• first and last name,
  • SF jail number (not his/her official booking number, but a separate number that is assigned at the time of booking), and
  • court case number.

∗NOTE:  Once you post bail, you should immediately consult with a skilled San Francisco criminal defense lawyer who can schedule a bail hearing to argue that the bail should be reduced or eliminated.  One of our experienced local attorneys can also help devise the most effective legal defense to help your loved one fight his/her case.

2. How to Get Information on Inmates Housed at the San Francisco County Jail

You can obtain information on inmates at the SFCJ 24 hours a day / 7 days a week by calling the Jail's general information line at (415) 553-1430.  Be prepared to provide the inmate's full name and booking number.

Unfortunately, neither the Sheriff's Department nor the court currently provide any online access to inmate or case information.

3. How to Contact an Inmate at the SFCJ

When an inmate is booked into the San Francisco County Jail, he/she may make free local outgoing phone calls to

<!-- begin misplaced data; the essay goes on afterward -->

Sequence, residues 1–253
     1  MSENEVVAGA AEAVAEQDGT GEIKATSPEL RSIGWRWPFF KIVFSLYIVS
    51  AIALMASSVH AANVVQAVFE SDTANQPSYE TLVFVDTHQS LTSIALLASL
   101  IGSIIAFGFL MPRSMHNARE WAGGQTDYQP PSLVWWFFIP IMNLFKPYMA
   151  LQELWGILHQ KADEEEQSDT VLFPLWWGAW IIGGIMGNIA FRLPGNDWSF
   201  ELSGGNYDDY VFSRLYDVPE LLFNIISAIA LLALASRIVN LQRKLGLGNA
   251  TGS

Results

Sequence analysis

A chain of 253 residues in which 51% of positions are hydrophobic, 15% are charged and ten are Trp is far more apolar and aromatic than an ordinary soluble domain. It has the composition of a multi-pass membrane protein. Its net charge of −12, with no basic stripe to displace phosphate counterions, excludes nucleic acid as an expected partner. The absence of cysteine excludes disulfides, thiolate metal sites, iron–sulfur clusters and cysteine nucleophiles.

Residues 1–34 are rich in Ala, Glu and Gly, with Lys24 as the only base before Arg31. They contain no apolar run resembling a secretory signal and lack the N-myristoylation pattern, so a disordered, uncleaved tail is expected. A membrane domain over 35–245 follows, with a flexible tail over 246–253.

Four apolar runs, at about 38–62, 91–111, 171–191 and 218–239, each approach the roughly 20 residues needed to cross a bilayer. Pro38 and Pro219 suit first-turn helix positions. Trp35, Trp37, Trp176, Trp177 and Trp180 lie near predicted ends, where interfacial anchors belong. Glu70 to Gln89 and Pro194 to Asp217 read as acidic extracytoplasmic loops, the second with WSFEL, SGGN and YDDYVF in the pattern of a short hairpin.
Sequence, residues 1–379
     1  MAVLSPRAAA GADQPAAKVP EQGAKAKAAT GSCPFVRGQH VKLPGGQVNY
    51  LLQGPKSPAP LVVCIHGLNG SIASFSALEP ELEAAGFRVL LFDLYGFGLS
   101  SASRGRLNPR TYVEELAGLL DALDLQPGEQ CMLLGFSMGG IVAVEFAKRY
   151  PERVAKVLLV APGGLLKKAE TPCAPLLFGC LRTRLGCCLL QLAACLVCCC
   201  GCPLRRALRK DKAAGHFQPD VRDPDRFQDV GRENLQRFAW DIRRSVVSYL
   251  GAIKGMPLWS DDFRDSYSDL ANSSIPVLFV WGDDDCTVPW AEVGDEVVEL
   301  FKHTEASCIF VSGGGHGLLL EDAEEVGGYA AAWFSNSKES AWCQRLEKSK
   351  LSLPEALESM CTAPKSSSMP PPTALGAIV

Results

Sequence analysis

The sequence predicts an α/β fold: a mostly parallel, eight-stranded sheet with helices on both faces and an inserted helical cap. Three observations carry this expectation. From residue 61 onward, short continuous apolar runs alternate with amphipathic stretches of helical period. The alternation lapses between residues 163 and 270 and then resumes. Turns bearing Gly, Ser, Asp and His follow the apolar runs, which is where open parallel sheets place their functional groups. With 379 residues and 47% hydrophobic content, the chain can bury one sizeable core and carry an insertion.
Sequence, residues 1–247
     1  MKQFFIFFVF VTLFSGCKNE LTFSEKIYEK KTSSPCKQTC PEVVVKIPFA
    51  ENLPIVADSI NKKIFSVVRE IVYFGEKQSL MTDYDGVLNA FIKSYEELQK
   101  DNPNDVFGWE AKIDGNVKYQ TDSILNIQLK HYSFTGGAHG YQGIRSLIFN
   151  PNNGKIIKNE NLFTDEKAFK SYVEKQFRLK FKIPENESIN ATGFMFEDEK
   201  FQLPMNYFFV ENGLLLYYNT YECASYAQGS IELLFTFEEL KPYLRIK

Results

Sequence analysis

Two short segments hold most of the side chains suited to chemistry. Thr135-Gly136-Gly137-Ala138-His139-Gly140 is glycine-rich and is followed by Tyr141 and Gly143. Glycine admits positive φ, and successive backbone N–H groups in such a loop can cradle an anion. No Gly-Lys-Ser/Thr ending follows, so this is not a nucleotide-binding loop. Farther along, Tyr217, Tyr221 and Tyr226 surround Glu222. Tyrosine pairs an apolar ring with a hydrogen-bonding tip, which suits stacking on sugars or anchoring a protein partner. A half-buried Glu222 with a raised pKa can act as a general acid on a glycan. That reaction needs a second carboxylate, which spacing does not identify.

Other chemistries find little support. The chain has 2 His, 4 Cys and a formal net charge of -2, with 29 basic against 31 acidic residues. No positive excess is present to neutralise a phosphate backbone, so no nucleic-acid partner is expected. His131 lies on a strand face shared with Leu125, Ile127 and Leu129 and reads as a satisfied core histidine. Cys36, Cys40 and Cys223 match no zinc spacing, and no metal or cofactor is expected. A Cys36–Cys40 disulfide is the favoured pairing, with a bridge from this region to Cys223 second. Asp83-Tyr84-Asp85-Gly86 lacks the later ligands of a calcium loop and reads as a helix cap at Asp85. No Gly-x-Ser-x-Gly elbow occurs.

• arrange for bail,
  • inform family members as to their whereabouts, and/or
  • contact an attorney.

Long distance calls must be collect or placed with a calling card.  Inmates are not allowed to receive incoming calls.

If you have a loved one in the San Francisco County Jail, contact your local telephone carrier to make sure that collect and calling card calls are not blocked on your telephone plan.

The good news is that contact with inmates at the Jail isn't limited to phone calls.  You can also visit an inmate in person or correspond via mail.  These options are discussed in the next two sections.

4. Visiting Hours and Policies

visiting hours written on a chalk board
Visiting hours take place on Saturdays, Sundays and holidays

Most inmates at the San Francisco County Jail are allowed to have visitors, provided the visitors comply with the facility's rules and regulations.

4.1. Visiting hours

Visiting hours take place on Saturdays, Sundays and holidays.  The hours vary, depending on the unit in which the inmate is housed.  Each complex's visiting hours are posted on the facility's visiting schedule webpage.  Visits are limited to 20-30 minutes with a maximum of 3 visitors.